5 stars: Nancy Opel, 3 stars: My Deah
If you want an object lesson in the importance of casting, go see My Deah at the Abingdon Theatre starring Nancy Opel. Don't delay, otherwise you might not see Mark Simpson's set design; Ms. Opel might have chewed it all up before you get there. This is one of those performances in which scenery chewing is not only allowed, it's encouraged. For all we know, director Mark Waldrop may have salted the set. In a flamboyant, cross-dressing comedy by John Epperson (of Lypsinka fame) in which Medea has been transposed to the Deep South and decorated with references to Tennessee Williams, there is no such thing as a performance that's too big.
We suspect the piece had an entirely different dynamic when Opel was paired with another comic scene stealer, Bryan Batt, during the workshop last spring. Unfortunately, the play has been produced without Batt (who had other commitments), but that very fine dramatic actor, Maxwell Caulfield, stepped in at the last minute to take his place. Except it is neither a good role for Caulfield, nor a good move for the play. Both suffer for this casting decision. Caulfield can do a lot of wonderful things on a stage, but being funny isn't one of them. His inclusion in the piece only reinforces the sense that this is a star vehicle for Opel.
The casting of Caulfield also highlights the weakness of the script. Opel gets golden laughs out of lines made of straw; she can pull that off with her rubbery face and a voice as versatile as a twelve-lane highway. It no fault of his own, but Caulfield doesn't have that gift. Some of the other comic cast members get some laughs – which they have to earn – but they make it work: Jay Rogers, Kevin Townley and Geoffrey Molloy (all in drag) bring the right comic tone to the piece. Lori Gardner is a hilarious dumb blonde, and Michael Hunsaker has nothing if not presence.
Absolutely worth seeing because of Opel's performance (she plays two roles with equal relish – after all, she's the hot dog), the play is less than the sum of its parts. One wonders, as an afterthought, why Epperson didn't turn this into a musical ...
4 Stars: Dan Fogler, 2 Stars: The Voyage of the Carcass
The Voyage of the Carcass is about to sink beneath the theatrical waves; its closing notice has been posted. There are a few things, however, that you should know about this production before it fully disappears. Granting that the play is a wildly self-indulgent play-within-a-play, Dan Fogler's performance is charisma personified. Looking like a young Orson Welles and acting with the swagger to match, he is utterly electric on stage. The play's loose nature only amplifies the presence of his personality; he seems to be playing himself as much as his character.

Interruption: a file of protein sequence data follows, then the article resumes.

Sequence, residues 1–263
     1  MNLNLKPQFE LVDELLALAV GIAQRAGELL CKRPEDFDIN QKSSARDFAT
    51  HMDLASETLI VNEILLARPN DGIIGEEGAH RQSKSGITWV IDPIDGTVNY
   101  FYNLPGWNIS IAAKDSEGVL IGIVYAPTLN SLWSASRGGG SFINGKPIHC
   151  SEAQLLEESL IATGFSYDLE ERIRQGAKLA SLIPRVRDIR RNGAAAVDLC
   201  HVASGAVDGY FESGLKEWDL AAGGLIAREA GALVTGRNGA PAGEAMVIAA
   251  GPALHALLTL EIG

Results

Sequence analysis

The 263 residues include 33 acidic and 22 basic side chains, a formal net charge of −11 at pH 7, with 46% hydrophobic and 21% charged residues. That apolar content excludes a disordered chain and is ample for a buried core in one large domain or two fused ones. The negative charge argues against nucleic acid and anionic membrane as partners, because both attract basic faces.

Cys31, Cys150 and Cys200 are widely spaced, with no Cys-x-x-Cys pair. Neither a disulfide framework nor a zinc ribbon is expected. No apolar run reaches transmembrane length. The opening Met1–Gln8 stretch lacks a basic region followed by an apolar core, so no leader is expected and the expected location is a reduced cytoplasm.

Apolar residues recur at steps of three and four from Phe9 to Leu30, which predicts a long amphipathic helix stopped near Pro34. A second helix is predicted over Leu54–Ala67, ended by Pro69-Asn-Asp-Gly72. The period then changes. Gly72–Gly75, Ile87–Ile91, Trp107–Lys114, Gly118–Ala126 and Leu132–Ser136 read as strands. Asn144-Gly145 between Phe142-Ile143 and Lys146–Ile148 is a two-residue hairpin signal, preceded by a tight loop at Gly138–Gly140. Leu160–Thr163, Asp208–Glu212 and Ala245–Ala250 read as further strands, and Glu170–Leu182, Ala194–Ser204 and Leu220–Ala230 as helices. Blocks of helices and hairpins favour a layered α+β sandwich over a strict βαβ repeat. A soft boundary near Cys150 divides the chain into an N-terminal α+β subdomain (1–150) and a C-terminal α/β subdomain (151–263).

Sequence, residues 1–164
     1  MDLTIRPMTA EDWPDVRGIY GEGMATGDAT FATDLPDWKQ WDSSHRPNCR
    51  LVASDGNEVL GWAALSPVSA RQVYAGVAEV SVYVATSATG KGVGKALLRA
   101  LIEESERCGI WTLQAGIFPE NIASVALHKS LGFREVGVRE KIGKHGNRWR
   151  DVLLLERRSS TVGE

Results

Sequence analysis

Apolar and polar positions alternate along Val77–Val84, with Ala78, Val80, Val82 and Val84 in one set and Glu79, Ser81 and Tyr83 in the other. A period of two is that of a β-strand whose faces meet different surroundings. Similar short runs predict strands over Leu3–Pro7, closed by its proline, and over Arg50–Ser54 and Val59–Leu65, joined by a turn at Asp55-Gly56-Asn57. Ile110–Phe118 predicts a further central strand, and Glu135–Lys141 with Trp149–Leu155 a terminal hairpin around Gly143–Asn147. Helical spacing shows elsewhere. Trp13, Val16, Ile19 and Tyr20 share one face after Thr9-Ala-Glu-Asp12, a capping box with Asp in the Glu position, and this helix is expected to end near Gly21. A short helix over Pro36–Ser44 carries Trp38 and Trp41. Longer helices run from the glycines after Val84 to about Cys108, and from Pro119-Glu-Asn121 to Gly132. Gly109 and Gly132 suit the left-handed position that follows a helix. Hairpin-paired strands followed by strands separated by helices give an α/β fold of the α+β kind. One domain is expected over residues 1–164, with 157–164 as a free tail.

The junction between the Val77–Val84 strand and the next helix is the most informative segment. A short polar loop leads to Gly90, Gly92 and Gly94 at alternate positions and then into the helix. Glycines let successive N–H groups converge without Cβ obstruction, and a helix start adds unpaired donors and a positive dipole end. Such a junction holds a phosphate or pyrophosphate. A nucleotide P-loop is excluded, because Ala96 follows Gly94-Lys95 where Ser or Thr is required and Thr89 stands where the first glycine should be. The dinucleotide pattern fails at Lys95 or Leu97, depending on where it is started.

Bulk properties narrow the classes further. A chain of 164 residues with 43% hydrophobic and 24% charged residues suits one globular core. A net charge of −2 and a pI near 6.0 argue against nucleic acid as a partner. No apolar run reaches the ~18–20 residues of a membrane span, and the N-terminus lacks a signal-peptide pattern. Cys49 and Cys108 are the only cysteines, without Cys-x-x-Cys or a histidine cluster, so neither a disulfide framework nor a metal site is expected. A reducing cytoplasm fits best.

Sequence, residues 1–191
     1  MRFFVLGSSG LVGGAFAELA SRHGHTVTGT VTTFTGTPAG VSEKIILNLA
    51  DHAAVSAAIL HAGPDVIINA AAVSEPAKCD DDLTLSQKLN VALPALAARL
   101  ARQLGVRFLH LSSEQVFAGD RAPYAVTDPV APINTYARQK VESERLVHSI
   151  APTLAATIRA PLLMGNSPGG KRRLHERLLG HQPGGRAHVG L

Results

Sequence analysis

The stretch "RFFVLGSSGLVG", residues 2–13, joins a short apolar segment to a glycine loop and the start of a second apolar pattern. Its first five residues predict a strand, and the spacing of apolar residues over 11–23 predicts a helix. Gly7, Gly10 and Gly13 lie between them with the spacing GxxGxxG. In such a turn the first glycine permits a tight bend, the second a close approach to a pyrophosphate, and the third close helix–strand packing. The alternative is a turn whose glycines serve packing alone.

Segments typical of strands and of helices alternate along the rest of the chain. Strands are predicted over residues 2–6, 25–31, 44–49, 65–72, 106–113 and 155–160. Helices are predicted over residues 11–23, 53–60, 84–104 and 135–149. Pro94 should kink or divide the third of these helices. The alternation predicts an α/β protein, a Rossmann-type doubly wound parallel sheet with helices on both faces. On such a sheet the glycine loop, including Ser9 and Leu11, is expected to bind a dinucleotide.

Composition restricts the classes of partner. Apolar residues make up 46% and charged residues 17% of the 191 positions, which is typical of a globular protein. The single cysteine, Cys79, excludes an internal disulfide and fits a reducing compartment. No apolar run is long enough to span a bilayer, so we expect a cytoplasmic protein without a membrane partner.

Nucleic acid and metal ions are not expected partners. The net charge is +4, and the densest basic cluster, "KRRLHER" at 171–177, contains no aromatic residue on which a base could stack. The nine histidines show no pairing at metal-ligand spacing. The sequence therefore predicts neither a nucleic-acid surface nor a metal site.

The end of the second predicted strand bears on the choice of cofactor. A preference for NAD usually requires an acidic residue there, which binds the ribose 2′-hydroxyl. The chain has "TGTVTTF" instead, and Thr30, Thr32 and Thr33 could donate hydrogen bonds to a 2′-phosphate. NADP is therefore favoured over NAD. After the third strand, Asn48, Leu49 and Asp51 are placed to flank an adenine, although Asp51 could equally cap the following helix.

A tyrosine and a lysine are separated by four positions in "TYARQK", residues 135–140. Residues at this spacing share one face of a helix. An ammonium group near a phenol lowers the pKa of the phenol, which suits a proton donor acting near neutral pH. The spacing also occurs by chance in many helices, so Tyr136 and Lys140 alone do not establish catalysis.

We're not going to waste your time describing the plot, but suffice to say that there is more talent on stage than in the script. In addition to Fogler's fascinating performance, his two co-stars, Kelly Hutchinson and Noah Bean, are both obviously talented and winning in their own rights. It's rather a testament to all three of them – and perhaps to the director, Randy Baruh - that they manage to shine in a play that ought to otherwise bury their talent. We mention the director because there are several set pieces within the play that suddenly erupt with imagination; these are the tent poles that keep the entire enterprise afloat and give the actors some room to display their gifts.
1 Star: My Name is Rachel Corrie
We can give this earnest piece of political theater a single accolade for courage. Unlike so many plays that preach to the choir, here is an unabashedly pro-Palestinian/anti-Israeli one-person show that has arrived in the one city where it is most likely to be abhorred for its political point of view. It's only because liberal and free-thinking New Yorkers who make up so much of the theatergoing public in this city will give any underdog a chance – and because the piece carries the impressive imprimatur of theater and movie star Alan Rickman as its co-editor and director – that Rachel Corrie is still running.
The commercial prospects of the play aside; this is one work of political theater that deserves to close purely on its artistic demerits. It's putrid theater. It starts off with a modicum of theatricality but quickly descends into nothing more than pure soap box speechifying. It is, in a word, boring. Megan Dodds, who plays American activist Rachel Corrie, is not to blame; it's the script and the ultimate lack of direction provided by Mr. Rickman that makes this play so tedious. It doesn't help that the script is so lopsided in favor of the Palestinian cause, giving no credence whatsoever to the Israeli point of view, but a more cleverly written and dramatized play might have finessed that failure. We're all in favor of political art. But make it artful.
Barbara and Scott